How to Start a Private Foundation

While private foundations are powerful giving vehicles for individuals and families, starting and maintaining them can be challenging. Consider a simpler alternative by choosing a donor-advised fund.
While private foundations are powerful giving vehicles for individuals and families, starting and maintaining them can be challenging. Consider a simpler alternative by choosing a donor-advised fund.

You may be considering starting a private foundation for a number of reasons.

Maybe you recently sold a business, have a large, illiquid asset to donate or are contemplating retirement. Perhaps you and your family are ready to invest in social causes you care about.

When the time is right, understanding how to start a private foundation and create alternative giving vehicles to accomplish your goals are vital to your decisionmaking process.

What Are Private Foundations?

The first step is understanding what a private foundation is.

According to the Council on Foundations, “private foundation” is the umbrella term that includes corporate, independent, family and operating foundations. These independent legal entities make grants from their charitable investments, which consist of funds coming from one source or a small list of sources, such as an individual, family or corporation.

The fund is managed by the foundation’s own appointed trustees or directors.

Like public charities, a private foundation is classified as a tax-exempt 501(c)(3) organization by the IRS. Unlike public charities, however, private foundations do not raise funds or seek financial support from the public.

Setting Up a Private Foundation in 12 Steps

Starting a private foundation generally consists of the following 12 steps:

  1. Define a philanthropic objective
  2. Create a mission statement
  3. Solidify grantmaking guidelines
  4. Hire a legal team and financial advisors for initial planning and ongoing compliance, recordkeeping and tax returns
  5. Establish a board structure and appoint board members or trustees
  6. Consider your personal time investment vs. hiring a staff to manage your foundation
  7. Determine if your foundation should cease or continue after your lifespan
  8. Form your foundation as either a trust or corporation under state law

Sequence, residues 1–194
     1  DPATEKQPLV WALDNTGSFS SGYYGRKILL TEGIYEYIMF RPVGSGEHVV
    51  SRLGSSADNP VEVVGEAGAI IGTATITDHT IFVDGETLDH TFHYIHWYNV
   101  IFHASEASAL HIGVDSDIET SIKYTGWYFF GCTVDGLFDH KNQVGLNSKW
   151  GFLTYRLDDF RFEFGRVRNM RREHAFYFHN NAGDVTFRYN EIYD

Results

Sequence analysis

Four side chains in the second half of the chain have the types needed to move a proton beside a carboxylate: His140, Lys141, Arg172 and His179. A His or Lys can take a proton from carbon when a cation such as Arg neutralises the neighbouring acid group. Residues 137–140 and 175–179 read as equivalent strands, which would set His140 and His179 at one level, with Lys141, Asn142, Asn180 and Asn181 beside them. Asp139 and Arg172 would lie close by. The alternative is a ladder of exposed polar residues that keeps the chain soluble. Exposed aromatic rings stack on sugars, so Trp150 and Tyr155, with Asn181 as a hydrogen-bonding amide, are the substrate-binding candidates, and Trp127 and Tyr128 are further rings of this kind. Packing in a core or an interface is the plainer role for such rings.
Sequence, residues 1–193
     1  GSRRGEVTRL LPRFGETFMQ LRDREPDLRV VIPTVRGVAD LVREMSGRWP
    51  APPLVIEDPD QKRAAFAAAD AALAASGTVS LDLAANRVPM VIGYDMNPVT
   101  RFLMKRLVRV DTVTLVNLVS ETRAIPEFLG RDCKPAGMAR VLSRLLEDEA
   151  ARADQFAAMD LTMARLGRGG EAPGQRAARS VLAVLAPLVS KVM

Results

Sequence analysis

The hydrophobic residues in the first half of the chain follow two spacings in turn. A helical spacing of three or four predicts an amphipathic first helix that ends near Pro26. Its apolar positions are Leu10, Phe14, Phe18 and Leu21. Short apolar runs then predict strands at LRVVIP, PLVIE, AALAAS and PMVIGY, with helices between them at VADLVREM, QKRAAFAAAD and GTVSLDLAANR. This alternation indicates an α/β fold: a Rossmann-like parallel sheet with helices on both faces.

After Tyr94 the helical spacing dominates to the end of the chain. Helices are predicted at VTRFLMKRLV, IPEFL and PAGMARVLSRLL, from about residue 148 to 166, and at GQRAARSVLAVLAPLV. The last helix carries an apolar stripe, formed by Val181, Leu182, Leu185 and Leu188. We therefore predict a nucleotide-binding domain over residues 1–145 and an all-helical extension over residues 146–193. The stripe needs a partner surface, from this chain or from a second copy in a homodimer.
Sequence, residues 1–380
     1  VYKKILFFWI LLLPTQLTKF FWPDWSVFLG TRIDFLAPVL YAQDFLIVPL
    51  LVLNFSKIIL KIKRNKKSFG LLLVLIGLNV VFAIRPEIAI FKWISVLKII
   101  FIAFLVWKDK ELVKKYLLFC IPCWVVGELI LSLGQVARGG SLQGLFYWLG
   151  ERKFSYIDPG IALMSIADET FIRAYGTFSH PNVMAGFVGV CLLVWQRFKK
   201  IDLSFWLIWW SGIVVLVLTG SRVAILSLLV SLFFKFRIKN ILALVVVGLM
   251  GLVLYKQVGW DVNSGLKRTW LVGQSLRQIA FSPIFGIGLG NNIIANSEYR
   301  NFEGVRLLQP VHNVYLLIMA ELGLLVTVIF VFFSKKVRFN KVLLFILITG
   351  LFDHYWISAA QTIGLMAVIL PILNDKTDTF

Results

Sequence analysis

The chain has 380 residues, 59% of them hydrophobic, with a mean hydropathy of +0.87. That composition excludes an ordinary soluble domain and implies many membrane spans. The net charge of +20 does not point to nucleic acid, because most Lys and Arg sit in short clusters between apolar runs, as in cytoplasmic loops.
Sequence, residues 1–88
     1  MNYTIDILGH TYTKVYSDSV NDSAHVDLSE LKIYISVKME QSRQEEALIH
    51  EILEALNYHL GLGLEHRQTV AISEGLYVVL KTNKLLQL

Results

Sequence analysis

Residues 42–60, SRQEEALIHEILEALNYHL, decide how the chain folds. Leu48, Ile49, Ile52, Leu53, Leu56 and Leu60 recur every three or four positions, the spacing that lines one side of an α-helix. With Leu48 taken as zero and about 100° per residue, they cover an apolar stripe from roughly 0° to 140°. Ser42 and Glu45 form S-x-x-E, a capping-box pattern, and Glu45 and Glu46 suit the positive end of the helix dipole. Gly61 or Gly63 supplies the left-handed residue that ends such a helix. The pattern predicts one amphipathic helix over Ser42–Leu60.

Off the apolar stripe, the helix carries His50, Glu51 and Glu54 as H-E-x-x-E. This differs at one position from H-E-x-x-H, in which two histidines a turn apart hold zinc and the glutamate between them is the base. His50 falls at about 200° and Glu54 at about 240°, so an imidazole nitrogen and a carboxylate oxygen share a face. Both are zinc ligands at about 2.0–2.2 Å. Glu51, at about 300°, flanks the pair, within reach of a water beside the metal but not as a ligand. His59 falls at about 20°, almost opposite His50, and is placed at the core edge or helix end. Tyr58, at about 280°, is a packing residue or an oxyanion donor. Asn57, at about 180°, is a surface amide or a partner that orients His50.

9. Apply for an employer identification number (EIN)
  10. Apply to the Internal Revenue Service (IRS) for recognition as a tax-exempt 501(c)(3) charity and to receive tax-deductible contributions
  11. File any additional required paperwork to obtain tax-exempt status from your state
  12. Follow IRS private foundation guidelines, including:
    1. Make grants worth at least 5 percent of your foundation’s investment assets each year
    2. Must provide grants only to other nonprofits or for educational scholarships
    3. Must pay up top a 2 percent excise tax on your foundation’s investment assets

With many steps involved, starting a private foundation can be harder than it looks. Beginning at square one requires exhaustive time and resources, not to mention expertise.

Many have found that even though they have managed to get their private foundation off the ground, maintenance costs are prohibitive. Resources can be quickly and significantly diluted by overhead and red tape, providing less funds for grantmaking than initially planned.

Private Foundation Solution: Donor-Advised Fund

Donor-advised funds can be your private foundation solution.

These giving vehicles provide the benefits of a private foundation without the administrative burden, including the ability to determine exactly how your individual program is structured. Opening a donor-advised fund requires less cost when compared to the startup and ongoing expenses for a private foundation.

As an added bonus, donors can deduct their donor-advised fund gift up to 50 percent of their Adjusted Gross Income (AGI) compared to 30 percent of a private foundation gift.

Other benefits involve privacy and peace of mind.

Unlike an IRS private foundation, a family foundation through a donor-advised fund is not required to disclose certain financial information, including tax returns. Beyond that, strict and complex legal requirements of a private foundation disappear – no worries about compensation rules, expenses, grant expenditure responsibility, tax filings, or any possibility of inadvertent self-dealing.

When you add up all the benefits, it’s no surprise that many of our funds at The San Diego Foundation were originally private foundations before families decided to simplify their lives by moving to a community foundation.

Private foundations are powerful giving vehicles, but they may not be the best fit to accomplish your goals. Learn more about how donor-advised funds can be a simpler alternative.